Explore Ecuador

Saturday, October 18, 2014

For a Better Brain, Learn Another Language

The Atlantic – Cody C. Delistraty

“…the benefits of speaking multiple languages extend past just having access to different words, concepts, metaphors, and frames. Multilingualism has a whole slew of incredible side effects: Multi-linguals tend to score better on standardized tests, especially in math, reading, and vocabulary; they are better at remembering lists or sequences…” (more)

Thursday, October 16, 2014

Want to Ace That Test? Get the Right Kind of Sleep.

The New York Times – Benedict Carey

“There is research suggesting that different kinds of sleep can aid different kinds of learning, and by teaching “sleep study skills,” we can let our teenagers enjoy the sense that they’re gaming the system…for any young student who wants to do better — in school, in sports, in music or even in the social whirl (yes, that’s learning too) — knowing the science of sleep will help them respect slumber for what it is: learning consolidation.” (more)

Friday, October 10, 2014

Kindergarten-Readiness Tests Gain Ground

Education Week – Catherine Gewertz

“For 20 kindergartners at Parr’s Ridge Elementary School, the morning is packed with singing and dancing, playing an alphabet game with sticks, and cutting big oval shapes out of paper. And while these are typical classroom activities, many also double as something else: parts of an assessment…What’s happening here reflects a national surge of interest in better sizing up and serving children as they enter the K-12 school system.” (more)

Wednesday, October 8, 2014

Many Districts Lagging on Implementing Common Core, Survey Finds

Education Week – Catherine Gewertz

“With springtime testing for the common core only months away, nearly a third of district superintendents are still scrambling to put in place the curriculum and professional development necessary to teach the standards, according to survey results released Wednesday.” (more)

Wednesday, September 24, 2014

Will Common-Core Testing Platforms Impede Math Tasks?

Education Week – Liana Heitin

“As two state consortia work to finish new assessments aligned with the Common Core State Standards, some mathematics experts say they’re worried that the computer-based testing platforms will hamper a key element of the exams: open-ended math-performance tasks that test students’ ability to apply their knowledge.” (more)

Tuesday, September 16, 2014

How a decade of testing made education ‘significantly’ better

The Washington Post – Jim Tankersley

“Believe it or not kids, there was once a time when public school years didn’t revolve around standardized tests. That time ended in 2002, when President George W. Bush signed No Child Left Behind into law. The bill pushed states to set challenging metrics for student achievement, to test kids against those metrics and to take action against schools that didn’t push more and more students to clear the bar every year. By 2014, the law said, every schoolkid in America would need to show proficiency in reading and math.” (more)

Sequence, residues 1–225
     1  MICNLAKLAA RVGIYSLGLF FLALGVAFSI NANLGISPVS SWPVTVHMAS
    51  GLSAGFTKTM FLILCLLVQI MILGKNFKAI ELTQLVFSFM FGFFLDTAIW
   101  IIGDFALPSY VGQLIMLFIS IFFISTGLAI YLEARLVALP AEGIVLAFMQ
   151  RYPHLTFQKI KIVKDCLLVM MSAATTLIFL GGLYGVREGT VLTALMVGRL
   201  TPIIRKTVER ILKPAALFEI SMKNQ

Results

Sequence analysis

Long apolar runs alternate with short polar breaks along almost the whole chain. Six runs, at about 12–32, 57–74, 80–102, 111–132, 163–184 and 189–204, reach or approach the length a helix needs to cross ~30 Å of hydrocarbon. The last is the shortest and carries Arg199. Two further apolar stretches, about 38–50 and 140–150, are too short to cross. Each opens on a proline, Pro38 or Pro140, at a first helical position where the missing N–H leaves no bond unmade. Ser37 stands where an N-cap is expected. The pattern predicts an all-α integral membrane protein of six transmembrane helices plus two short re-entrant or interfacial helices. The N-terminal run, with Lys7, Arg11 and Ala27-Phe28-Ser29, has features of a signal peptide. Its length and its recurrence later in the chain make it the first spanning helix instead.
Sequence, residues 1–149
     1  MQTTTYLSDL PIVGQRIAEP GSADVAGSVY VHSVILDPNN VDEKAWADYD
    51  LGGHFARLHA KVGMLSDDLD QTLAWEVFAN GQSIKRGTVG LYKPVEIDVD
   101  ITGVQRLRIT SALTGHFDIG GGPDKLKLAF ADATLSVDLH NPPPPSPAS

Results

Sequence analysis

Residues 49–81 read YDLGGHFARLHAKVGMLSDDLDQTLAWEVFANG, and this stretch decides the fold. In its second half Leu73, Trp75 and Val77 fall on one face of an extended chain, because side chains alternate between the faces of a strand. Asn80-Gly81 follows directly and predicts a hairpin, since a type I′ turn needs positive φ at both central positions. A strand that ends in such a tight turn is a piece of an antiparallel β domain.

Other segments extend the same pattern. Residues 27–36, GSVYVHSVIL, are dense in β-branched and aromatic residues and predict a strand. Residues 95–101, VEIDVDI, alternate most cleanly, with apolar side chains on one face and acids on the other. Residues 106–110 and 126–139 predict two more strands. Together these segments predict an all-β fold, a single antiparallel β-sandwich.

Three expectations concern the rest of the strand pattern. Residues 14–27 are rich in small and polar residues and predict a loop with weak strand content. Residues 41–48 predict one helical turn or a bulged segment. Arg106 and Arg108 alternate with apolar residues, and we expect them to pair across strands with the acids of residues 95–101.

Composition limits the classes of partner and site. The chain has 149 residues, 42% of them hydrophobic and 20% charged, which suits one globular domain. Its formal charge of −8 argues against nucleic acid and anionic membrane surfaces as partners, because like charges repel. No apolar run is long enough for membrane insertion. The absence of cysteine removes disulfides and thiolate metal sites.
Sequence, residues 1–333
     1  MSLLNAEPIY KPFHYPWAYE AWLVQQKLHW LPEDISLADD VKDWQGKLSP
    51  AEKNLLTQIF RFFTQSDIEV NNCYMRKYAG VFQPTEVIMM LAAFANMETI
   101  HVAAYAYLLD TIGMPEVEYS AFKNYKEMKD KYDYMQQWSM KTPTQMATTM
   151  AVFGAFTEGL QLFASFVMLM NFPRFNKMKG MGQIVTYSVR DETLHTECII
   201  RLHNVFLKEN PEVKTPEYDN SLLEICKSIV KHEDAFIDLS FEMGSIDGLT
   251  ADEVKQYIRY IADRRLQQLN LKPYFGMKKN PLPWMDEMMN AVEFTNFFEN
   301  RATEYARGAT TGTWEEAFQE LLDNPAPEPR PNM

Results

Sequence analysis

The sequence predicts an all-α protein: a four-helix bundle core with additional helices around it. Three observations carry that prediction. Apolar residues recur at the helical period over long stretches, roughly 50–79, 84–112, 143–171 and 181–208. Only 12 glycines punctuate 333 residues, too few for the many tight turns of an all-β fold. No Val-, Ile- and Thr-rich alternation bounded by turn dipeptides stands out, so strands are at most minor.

Wednesday, September 3, 2014

Big Year Looms for Common-Core Testing

Education Week – Catherine Gewertz

“For four years, schools in nearly every state have been working to put the Common Core State Standards into practice in classrooms, but few have put them to the test—literally. This year, that changes…Schools will be held responsible for how well they’ve imparted the new standards…” (more)

Thursday, August 28, 2014

Are elementary school start times too early for young children?

Floyd County Times – Staff Writer

“…the research was led by Peggy S. Keller, UK associate professor in the Department of Psychology in the College of Arts and Sciences. She found that earlier school start times were associated with lower standardized test scores, poorer attendance, lower school rank and school under-performance.” (more)

The Three Dimensions of Student Achievement

Education Week – Ron Berger

“When a student is finished with school and moves into adult life, she will be judged not by her ability to perform on a test of basic skills, but by the quality of her work and character. This holds true regardless of what career or life role she chooses. Quality work and character are the keys to a successful life. So why are they not the primary focus of schools?” (more)

Friday, August 15, 2014

Students in Fla. Choice Program Keep Up With National Learning Gains, Study Says

Education Week – Andrew Ujifusa

“With Florida’s tax-credit scholarship program slated to expand its reach in upcoming years, a study of 2012-13 academic year test scores from students in the program shows they are keeping up with their counterparts across the country when it comes to learning gains on national norm-referenced tests.” (more)